Step Six: Clarify Contingencies
A number of contingencies can be built into your offer, and they are there for your protection. The most common ones are:
- - Appraisal Contingency — if the property is appraised at less than the contract price, the buyer has a chance to renegotiate the price.
- - Home Inspection Contingency – The buyer may hire a licensed professional to inspect the property and determine if there are any issues with it. If major or minor problems are discovered, the buyer may negotiate with the seller for repairs or compensation, or may walk away from the contract.
- - Financing Contingency – if the buyer has done due diligence, yet still doesn’t qualify for the loan, the financing contingency protects the buyer from having to go through with the purchase.
Please note that all contingencies are time-sensitive and must take place within the time limits stated in the contract. Your realtor will help track things and keep you on schedule.
Step Seven: Get Insurance
Homeowner’s insurance provides fire, theft and liability coverage. When you are buying a home, a homeowner’s’ policy will be required by your lender and it will often cover a surprising number of items, including in some cases such property as wedding rings, furniture and home office equipment. The time to obtain insurance and warranty coverage is at closing, so speak with a realtor or insurance broker prior to closing. Be sure to ask about limitations, costs, deductibles and “endorsements” (additional forms of coverage that may be available).
Step Eight: Make Moving Arrangements
Don’t forget to schedule your moving truck! And if you’re buying a condo, many buildings require that you schedule a time for your move, so be sure and check with the property manager.
Step Nine: Switch Your Utilities
Your realtor will provide you with a list of local utilities service providers. You can call and arrange the switch the week before settlement.
Step Ten: Make a Final Walk-Through
This is your final opportunity in the home buying process to walk through the property to assure ensure that its condition has not materially changed since the sale agreement was signed. It is generally understood that sellers will leave homes “broom clean” when moving out. This expression does not mean “vacuumed” or “spotless.” Broom clean makes sense because it means the house is ready to be painted and cleaned.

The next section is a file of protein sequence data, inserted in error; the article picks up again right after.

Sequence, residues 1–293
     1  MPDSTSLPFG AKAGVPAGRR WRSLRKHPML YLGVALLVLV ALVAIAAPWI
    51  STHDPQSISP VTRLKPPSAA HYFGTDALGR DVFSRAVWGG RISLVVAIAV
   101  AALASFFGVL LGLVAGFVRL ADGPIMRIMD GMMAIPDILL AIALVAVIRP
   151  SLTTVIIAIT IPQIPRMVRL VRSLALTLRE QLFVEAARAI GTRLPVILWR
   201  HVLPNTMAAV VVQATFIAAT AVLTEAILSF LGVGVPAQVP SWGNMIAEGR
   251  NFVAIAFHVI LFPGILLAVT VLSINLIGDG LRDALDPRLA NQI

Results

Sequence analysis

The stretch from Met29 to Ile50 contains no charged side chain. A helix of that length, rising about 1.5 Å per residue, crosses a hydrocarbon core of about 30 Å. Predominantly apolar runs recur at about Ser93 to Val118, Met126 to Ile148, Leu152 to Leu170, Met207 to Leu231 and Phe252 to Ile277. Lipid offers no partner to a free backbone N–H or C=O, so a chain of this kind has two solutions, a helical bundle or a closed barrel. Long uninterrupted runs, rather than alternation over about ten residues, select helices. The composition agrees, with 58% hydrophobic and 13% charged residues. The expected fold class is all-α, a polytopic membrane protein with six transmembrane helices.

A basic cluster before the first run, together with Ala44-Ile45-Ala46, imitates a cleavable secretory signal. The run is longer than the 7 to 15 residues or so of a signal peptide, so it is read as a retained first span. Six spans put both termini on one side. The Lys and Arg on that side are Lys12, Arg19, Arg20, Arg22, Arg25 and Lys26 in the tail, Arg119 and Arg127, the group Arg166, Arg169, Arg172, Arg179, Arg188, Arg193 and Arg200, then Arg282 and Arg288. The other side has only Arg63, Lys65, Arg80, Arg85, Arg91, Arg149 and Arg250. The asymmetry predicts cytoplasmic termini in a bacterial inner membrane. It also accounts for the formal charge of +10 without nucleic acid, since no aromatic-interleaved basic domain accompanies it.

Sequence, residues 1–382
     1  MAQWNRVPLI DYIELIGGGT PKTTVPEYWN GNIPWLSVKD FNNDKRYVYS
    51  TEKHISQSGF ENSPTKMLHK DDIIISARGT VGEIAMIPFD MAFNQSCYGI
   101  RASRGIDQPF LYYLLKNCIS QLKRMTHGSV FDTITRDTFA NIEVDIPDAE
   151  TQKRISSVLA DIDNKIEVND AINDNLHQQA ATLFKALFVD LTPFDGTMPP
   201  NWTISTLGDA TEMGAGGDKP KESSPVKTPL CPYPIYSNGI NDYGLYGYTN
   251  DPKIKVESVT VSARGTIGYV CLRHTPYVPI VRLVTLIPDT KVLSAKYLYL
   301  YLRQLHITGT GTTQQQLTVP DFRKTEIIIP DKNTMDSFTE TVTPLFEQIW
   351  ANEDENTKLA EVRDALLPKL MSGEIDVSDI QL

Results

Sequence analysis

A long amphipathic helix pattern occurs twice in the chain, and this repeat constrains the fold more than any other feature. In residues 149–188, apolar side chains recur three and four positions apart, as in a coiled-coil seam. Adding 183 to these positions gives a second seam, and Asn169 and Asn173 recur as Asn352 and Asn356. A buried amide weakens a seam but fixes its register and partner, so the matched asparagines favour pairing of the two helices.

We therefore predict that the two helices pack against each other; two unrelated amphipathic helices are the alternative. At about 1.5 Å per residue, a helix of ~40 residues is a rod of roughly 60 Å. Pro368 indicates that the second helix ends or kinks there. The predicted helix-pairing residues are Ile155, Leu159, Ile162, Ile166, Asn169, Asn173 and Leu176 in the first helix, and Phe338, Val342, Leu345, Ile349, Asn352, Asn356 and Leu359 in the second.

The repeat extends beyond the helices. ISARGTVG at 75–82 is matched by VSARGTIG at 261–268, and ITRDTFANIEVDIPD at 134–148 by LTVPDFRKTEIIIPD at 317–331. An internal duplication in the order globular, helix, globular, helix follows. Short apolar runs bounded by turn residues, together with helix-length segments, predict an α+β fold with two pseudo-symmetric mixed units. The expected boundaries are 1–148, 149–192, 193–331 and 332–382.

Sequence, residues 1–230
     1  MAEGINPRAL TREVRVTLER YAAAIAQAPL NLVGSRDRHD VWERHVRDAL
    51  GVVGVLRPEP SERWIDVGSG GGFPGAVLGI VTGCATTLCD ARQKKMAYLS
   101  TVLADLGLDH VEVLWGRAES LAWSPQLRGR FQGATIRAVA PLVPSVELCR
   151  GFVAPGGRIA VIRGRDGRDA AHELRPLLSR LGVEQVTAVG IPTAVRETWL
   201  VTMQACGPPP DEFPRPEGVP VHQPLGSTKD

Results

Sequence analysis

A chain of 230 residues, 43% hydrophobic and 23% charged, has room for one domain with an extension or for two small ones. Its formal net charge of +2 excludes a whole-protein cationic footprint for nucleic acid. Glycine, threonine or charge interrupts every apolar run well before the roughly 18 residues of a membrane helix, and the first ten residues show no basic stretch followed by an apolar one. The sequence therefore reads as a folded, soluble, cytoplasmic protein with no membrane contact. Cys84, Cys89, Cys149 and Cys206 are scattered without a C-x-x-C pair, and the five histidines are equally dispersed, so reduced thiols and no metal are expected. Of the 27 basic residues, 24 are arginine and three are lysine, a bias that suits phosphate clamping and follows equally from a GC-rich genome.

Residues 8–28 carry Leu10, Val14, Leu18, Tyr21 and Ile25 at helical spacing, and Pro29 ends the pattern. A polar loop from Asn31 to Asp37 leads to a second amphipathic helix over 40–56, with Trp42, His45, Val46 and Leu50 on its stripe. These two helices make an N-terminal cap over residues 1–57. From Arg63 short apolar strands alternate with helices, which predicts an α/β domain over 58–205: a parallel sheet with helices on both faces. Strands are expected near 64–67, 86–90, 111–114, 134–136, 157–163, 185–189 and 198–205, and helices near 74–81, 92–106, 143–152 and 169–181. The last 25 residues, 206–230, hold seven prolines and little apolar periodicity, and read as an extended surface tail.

Step Eleven: Attend the Closing or “Settlement”
This is a usually brief process where all of the necessary paperwork needed to complete the transaction is signed. Closing is typically held at the title company in an office setting. Often both buyer and seller are at the table, although sometimes they complete their papers separately. At closing you’ll receive a HUD-I, or Settlement Statement, which itemizes all the charges for both the buyer and the seller (also known as your closing costs). Buyers can expect to pay 3-4% of the price of the home in closing cost fees when all is said and done.
At closing, title to the property is transferred from seller to buyer. The buyer receives the keys and the seller receives payment for the home. The title company makes sure that the sellers’ mortgage gets paid off and handles the disbursement of funds to pay all other transactional costs. Deeds, loan papers, and other documents are prepared, signed and filed with local property record offices.
Step Twelve: Protect Your Assets
As you near the end of the home buying process, remember that those papers you received at settlement are extremely valuable, so hold on to them! In the short-term they can help establish tax deductions for the year in which the property was purchased. In the future, such papers will be important for tax purposes when the property is sold, and in some cases, for calculating estate taxes.
Many owners make a photo or video record of the home and their possessions for insurance purposes and then keep the records in a safety deposit box. Your insurance provider can recommend what to photograph and how to secure it.
Enjoy your home! Owning real estate involves contracts, loans, and taxes, and you’ve worked hard to get here. So enjoy it!
This information was prepared by Jessica Wilkie, Associate Broker, M Squared Real Estate, LLC.